Yung Suk Kim is assistant professor of New Testament and early Christianity at the Samuel DeWitt Proctor School of Theology, Virginia Union University, in Richmond, Virginia. His books include Christ’s Body in Corinth: The Politics of a Metaphor (2008); A Theological Introduction to Paul’s Letters: Exploring a Threefold Theology of Paul (2011); Biblical Interpretation: Theory, Process, and Criteria (2013). Two more books are forthcoming: A Transformative Reading of the Bible: Explorations of Holistic Human Transformation (2013); Truth, Testimony and Transformation: A New Reading of the “I am” Sayings in John’s Gospel (2013). Kim also edited 1 and 2 Corinthians (Texts @ Contexts, 2013). Kim is editor of the Journal of Bible and Human Transformation.

Tat-Siong Benny Liew is Dean and Vice President for Academic Affairs and Professor of New Testament at the Pacific School of Religion. He is most interested and invested in the transdisciplinary study of the New Testament. Alongside New Testament studies, his scholarly interests include literary theory, postcolonial studies, gender/sexuality studies, and ethnic studies (particularly Asian American history and literature). Dr. Liew is the author of What Is Asian American Biblical Hermeneutics? Reading the New Testament (2008), and Politics of Parousia: Reading Mark Inter(con)textually (1999).

David Odell-Scott is Chair and Professor for the Department of Philosophy at Kent State University, where he also serves as the Coordinator for the Religion Studies Program. His expertise centers on the Philosophy of Religions, Hermeneutics, Philosophical Theology, Comparative Religious Thought, and Comparative Philosophy. He is the author of several books and articles, including Reading Romans with Contemporary Philosophers and Theologians, published in 2007.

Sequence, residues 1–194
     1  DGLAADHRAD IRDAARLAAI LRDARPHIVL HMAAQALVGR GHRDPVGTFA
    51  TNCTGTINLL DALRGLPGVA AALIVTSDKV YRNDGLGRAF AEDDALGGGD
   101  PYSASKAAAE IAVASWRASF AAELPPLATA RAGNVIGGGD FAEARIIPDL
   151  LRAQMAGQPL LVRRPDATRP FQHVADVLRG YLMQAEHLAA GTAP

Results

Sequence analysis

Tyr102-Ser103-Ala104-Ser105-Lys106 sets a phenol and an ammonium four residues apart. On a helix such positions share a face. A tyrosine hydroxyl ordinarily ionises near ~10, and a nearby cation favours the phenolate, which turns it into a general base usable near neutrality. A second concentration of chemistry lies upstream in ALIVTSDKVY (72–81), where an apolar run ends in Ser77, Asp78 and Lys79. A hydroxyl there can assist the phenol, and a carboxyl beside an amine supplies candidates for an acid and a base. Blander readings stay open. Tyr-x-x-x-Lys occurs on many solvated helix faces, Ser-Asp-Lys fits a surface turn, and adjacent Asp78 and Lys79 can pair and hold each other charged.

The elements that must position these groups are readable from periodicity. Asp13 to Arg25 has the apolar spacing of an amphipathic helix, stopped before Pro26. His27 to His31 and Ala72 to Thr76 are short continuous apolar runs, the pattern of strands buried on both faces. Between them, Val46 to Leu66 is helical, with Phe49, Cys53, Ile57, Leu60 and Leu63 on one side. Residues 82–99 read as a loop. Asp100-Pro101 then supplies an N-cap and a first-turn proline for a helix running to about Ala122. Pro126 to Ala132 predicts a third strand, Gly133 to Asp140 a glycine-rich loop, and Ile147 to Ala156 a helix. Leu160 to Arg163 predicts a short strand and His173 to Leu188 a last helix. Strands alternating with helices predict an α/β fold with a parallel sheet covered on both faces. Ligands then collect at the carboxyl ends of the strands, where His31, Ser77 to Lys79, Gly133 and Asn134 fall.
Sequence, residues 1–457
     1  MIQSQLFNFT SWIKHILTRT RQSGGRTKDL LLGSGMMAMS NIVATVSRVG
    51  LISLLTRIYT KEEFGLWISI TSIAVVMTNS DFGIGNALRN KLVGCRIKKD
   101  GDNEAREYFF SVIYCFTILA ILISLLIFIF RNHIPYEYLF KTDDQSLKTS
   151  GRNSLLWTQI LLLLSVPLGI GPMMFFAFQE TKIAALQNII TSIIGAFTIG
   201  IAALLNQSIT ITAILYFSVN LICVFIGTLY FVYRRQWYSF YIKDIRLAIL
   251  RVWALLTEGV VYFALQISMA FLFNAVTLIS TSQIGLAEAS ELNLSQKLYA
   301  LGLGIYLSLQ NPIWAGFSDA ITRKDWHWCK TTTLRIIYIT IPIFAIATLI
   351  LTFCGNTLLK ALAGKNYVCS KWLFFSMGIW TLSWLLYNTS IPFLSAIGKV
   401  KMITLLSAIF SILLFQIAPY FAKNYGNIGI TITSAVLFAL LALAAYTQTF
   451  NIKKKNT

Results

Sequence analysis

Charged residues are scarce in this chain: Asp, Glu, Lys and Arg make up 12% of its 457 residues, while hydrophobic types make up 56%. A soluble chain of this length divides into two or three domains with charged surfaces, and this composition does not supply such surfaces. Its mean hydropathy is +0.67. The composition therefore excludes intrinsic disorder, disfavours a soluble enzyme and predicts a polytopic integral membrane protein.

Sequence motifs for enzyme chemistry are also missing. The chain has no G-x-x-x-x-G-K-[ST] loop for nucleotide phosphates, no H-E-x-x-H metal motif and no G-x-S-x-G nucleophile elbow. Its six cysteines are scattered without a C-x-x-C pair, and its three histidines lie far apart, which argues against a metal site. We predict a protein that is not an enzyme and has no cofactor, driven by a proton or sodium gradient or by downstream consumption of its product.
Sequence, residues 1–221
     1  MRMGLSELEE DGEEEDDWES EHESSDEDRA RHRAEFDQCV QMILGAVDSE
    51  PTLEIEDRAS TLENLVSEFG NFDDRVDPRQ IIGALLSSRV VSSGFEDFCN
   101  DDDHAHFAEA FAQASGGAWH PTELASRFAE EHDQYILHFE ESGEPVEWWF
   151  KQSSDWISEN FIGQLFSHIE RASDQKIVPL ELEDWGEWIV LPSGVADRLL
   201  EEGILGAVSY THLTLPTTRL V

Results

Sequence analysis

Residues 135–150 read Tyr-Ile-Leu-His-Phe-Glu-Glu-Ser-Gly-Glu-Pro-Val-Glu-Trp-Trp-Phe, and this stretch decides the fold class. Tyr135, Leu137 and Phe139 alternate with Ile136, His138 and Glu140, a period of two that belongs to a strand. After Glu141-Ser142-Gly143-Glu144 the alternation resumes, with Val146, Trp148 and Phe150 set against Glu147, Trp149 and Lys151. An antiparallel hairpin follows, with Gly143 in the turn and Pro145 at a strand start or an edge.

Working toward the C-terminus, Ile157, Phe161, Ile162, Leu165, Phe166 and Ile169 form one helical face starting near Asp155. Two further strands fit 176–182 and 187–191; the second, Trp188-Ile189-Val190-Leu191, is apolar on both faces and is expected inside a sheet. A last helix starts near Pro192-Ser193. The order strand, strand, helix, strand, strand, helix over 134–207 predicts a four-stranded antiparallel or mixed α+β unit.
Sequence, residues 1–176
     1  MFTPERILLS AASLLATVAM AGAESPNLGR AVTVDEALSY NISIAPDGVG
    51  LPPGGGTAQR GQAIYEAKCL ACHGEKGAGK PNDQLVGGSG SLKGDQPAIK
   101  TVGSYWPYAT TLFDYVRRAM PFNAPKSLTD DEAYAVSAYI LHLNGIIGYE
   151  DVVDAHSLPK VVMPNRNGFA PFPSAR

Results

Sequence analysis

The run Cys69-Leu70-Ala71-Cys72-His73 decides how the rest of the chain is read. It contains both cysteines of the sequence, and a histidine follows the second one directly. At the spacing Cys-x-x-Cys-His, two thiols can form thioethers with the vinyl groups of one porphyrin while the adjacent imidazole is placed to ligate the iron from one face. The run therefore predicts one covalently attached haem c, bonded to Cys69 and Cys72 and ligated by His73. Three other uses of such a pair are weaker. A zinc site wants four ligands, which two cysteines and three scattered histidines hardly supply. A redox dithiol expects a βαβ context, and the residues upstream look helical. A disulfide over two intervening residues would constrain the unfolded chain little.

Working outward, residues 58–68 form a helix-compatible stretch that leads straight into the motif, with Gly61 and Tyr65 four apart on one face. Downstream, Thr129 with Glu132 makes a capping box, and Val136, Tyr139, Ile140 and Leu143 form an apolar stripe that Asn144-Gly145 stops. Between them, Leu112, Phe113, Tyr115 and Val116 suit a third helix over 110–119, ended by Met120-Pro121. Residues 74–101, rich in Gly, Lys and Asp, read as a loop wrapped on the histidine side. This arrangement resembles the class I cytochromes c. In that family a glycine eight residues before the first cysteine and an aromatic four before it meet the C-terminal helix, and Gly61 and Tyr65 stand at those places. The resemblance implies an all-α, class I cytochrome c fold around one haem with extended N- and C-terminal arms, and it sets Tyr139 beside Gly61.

Gary Phillips has served as Dean of the College and Professor of Religion at Wabash College since 2006. He teaches occasionally in the Department and in All-College courses. His research and teaching interests focus upon the Bible and its relationship to Western art and culture, issues of violence and religion, and the reading and teaching of the Bible by Jews and Christian after the Shoah. Recently, he has written about and curated an exhibition of the artwork of Holocaust survivor Samuel Bak. In summer 2011 he participated in a summer seminar at the United States Holocaust Memorial Museum’s Center for Advanced Holocaust Studies investigating the historical tie between anti-semitism and Christian theology.

Monya Stubbs joined the faculty of Austin Seminary in 2004. An ordained elder in the African Methodist Episcopal Church, Stubbs is the author of A Contextual Introduction to the Gospel of Matthew and its Readings (co-author, Abingdon Press, 2003) and an essay on “Healing Through Touch” in My Soul is a Witness (Beacon Press, 1995). A member of the Society of Biblical Literature and the American Academy of Religion, Stubbs was a Fund for Theological Education Dissertation Fellow in 2002-2003. Her teaching interests include a wide range of New Testament subjects, as well as African-American Christianity, theological themes in contemporary novels, theology and economy, and the Book of Job.

Larry Welborn is Professor of New Testament and Early Christianity at Fordham University. His research interests include the Pauline epistles, especially the Corinthian correspondence and Apostolic Father, especially First Clement. He has several recent publications including "Extraction from the Mortal Site:  Badiou on the Resurrection in Paul," New Testament Studies and Early Patristic Reading of Romans for which he served as co-editor. In addition to his responsibilities at Fordham University, Dr. Welborn also serves as co-editor for two publications:Synkrisis: Invitations to Early Christianity in Greco-Roman Culture and The Society of Biblical Literature History of Biblical Studies.